I just set up a 40g aio cube yesterday. It's a diy tank with 3/8" glass and a Tenacor aio insert. It has a 4" filter sock and a 900gph return pump that is currently running at the lowest speed just to circulate water. The sand was old but washed. The water was 30g new and 5g from my other tank which got a 5g water change. I'm still working on a rockscape and waiting for lockline fittings for the return pump. The return pump is in, but just putting water into the tank with a 3/4"id hose.

The water is very clear right from the start. No cloudy tank. I think the washed, wet sand and pouring the water into the tank on a dinner plate to prevent stirring up the water is why.

I have lots of things on my agenda today, but I'll be back at it on Friday. I'll be moving corals, anemones and other critters from a 40g breeder aio tank. About 25% of the corals are new frags that arrived last evening from AquaSD.
Thank you, all the best for your build :)
 
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Useful experiment and hope it reveals some helpful conclusions. I think there are several ways to avoid a punishing ugly phase and they vary depending on the equipment and resources available to an individual. I’ve always taken a more natural approach because I’m located on a clean sub tropical coastline.

What I like about your proposal is the emphasis on controlled additions. I suspect most encounter problems due to uncontrolled addition of nutrient and light.

Look forward to seeing how this progresses.
 
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sixty_reefer

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Useful experiment and hope it reveals some helpful conclusions. I think there are several ways to avoid a punishing ugly phase and they vary depending on the equipment and resources available to an individual. I’ve always taken a more natural approach because I’m located on a clean sub tropical coastline.

What I like about your proposal is the emphasis on controlled additions. I suspect most encounter problems due to uncontrolled addition of nutrient and light.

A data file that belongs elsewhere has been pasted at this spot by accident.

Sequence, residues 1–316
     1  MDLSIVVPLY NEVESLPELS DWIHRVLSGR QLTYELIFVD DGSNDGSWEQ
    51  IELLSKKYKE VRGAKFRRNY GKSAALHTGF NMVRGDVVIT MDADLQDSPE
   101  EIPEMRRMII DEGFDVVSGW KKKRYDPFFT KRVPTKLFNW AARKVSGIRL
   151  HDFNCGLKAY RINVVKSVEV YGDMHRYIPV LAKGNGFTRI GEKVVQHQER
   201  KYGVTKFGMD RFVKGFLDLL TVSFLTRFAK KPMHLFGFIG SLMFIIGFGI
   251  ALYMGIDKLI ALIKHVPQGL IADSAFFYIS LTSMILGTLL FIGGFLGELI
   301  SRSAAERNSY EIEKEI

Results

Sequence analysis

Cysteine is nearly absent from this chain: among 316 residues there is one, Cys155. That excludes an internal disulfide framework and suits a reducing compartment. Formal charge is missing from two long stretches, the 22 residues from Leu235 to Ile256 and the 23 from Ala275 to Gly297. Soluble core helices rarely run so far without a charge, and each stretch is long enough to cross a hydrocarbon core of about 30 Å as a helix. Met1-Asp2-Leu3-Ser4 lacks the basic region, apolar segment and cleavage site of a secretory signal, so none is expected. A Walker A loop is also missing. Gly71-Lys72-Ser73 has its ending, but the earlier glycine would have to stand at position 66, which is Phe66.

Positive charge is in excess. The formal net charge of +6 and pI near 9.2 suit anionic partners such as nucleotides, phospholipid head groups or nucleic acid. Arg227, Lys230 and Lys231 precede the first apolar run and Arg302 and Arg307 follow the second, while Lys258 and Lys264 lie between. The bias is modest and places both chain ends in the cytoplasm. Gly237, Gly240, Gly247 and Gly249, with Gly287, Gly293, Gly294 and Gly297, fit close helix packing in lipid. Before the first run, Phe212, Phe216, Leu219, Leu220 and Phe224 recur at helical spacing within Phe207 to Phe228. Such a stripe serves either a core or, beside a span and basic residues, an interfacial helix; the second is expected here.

Look forward to seeing how this progresses.
Thank you, the ideology behind this test is my understanding of how all nutrients are interconnected, from the same I believe I may have identified a crucial missing point in cycling that could not just speed the cycle time but also avoid the ugly stage due to it being so limited during a tank cycling.
Although I gave myself 72 hours the final results may be much less than that. I will perform a small test before the cycling test just to look at that point in more detail. Just waiting on a few items to be delivered
 
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As for my first test I am intending to in a 2 gallon tank add the following:

Bare tank with flow and heater

2 gallons of new water 10% from my tank to add beneficial bacteria

5ppm of nitrates

0.05 ppm phosphates

0.1 to 0.5 grams carbohydrate from seaweed (natural DOC)

the idea I have is to add 2ppm ammonium chloride and evaluate the time that the bacteria needs to oxidise that concentration of ammonia. I’m expecting it to oxidise the ammonia in under 24 hours in those conditions.

what I’m looking in this test is to evaluate if the limitation in DOC is the culprit in slowing down the cycling process and if the presence of the same will speed it up.

once I have enough data from test 1 I will proceed with cycling a system using the same process as test one although I will include dry rock and dry sand and evaluate if by adding the correct nutrients from day one we can skip the cycle and avoid common nuisances to apear skipping the “ugly stage” by giving the beneficial bacteria all they need to thrive.
there will be more test later including adding nuisances like dinoflagellates, Cyanobacteria and nuisance algae purposely as long as i can get hold of them, the idea is to evaluate if a system that can effectively oxidise ammonia starve this nuisances.
This should illustrate that biodiversity means little to our systems in comparison to the importance of bacterioplankton nutrition.
 
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brandon429

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wanted to add: if a non digital test kit says it took 3 days to clear, that's not what a digital test would read. can u get a hanna meter/seneye for once? all our testing is based on the lag times of non digital kits, it'd be nice to see digital readouts and timing, for once

we all have been misinformed grossly on ammonia clearance times because testers believe absolutely anything an api or red sea kit says.


hanna/seneye= clears in a few hours vs days in active systems.
 

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where I got the notion that there's a delay between digital and non digital ammonia kits:

the thread about dosing ammonia into running systems, all on seneye, and they clear in 10 minutes. its twelve pages of the same pattern of clearance times over and over

There is no time in history API cleared an ammonia dose in ten minutes, ergo/lag. We aren't getting truth in cycling off api or red sea, only digital kits. we're getting estimates of truth from non digital kits.